Beirut — Put Expat Finances to the Test

When you’re planning to move abroad, the capital city is the first place you are likely to consider.  Due to the number of opportunities they offer, this is especially the case if work is the reason for your move. 
If you’re planning to move to Lebanon, however, you should find a bank in Lebanon that will provide you with good personal banking services, as you may require expert advice on how to manage your money while you’re out there. A report has found that Beirut has moved up nine places to become the 67th most expensive city in the world to live in for expats. 
Beirut — Put Expat Finances to the Test
The main reason is the cost of housing. Expats normally want apartments of 60 to 80 squared meters, which rarely cost less than $1,000 per month to rent, but the supply of rentable apartments in Beirut is limited. Rent continues to rise as Lebanese landowners renovate apartments or only build luxury five-star apartments. The apartments available tend to be large, expensive and aimed at wealthy people.

The price of food in Beirut is also much higher than in other parts of Lebanon. Groceries, for instance, are as much as three times cheaper outside of the capital.
Another problem is the poor public transportation system in Beirut, which has increased the need to use private transport. However, the cost of petrol is high and the rationing of electricity isn’t helping, to the extent that some people and businesses are hiring private generators to cover their needs.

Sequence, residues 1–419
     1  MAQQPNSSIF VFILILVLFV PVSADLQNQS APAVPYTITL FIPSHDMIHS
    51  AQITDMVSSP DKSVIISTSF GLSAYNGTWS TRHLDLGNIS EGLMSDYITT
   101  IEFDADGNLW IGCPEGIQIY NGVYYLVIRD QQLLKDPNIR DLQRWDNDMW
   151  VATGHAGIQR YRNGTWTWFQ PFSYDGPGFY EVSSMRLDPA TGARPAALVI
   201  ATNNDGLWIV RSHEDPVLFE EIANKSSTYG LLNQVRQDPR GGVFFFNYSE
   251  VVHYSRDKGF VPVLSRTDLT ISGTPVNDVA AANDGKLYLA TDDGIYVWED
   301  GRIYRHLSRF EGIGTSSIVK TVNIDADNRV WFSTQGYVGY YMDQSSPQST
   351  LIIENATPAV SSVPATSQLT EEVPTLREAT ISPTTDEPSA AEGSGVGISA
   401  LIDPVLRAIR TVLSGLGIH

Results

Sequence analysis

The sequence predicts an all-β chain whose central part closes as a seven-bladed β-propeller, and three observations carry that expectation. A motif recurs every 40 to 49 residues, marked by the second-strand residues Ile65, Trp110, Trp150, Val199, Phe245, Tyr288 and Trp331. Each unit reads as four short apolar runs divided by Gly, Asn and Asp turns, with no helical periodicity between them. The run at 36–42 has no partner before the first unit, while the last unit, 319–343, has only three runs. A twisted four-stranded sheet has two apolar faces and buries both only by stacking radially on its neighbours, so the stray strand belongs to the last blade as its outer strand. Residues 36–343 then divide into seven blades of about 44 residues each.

Unfortunately, inflation is on the rise in Lebanon, having climbed in the first 10 months of 2012. According to the Consumer Price Index (CPI), prices increased by 11.1% between October 2011 and October 2012. The cost of food and drinks rose by 1.2% in October.  
The good news is that not all costs increased. Important costs such as fuel, electricity (which are among the highest in the world in Lebanon) and water fell — if only slightly —by 0.1% and transportation ones did so by 1.3%.
Of course, problems with inflation make life as difficult for the Lebanese as for the expats. The speed of these increases in inflation means Lebanon’s own people are saving less and less — if at all. A Lebanese Ministry of Finance survey found that more than 55% of the Lebanese population can’t afford to save money and that more than 63% have problems providing for food and necessities.
In times of economic strife, households normally budget. The survey found, however, that 50% of Lebanon’s citizens don’t budget their household income or expenditures. Fifty per cent had no exact knowledge of how much they spend each week. Rather more, over 70% didn’t know exactly how much their weekly income was. 
So if you’re heading to Lebanon, and in particular if you’re heading to Beirut, do some sound financial planning before you go there. Things get hectic in the run-up to a move, of course, so you should also consult one of the banks in Beirut, like HSBC, for financial advice too.

Denny Jones

Hello, I'm Denny Jones, the voice and mind behind this personal finance blog. With a passion for helping others achieve financial independence, I started this blog to share my insights, experiences, and strategies in managing money. Whether you're just starting out on your financial journey or looking for advanced tips to optimize your wealth, my goal is to provide practical and actionable advice that anyone can follow.

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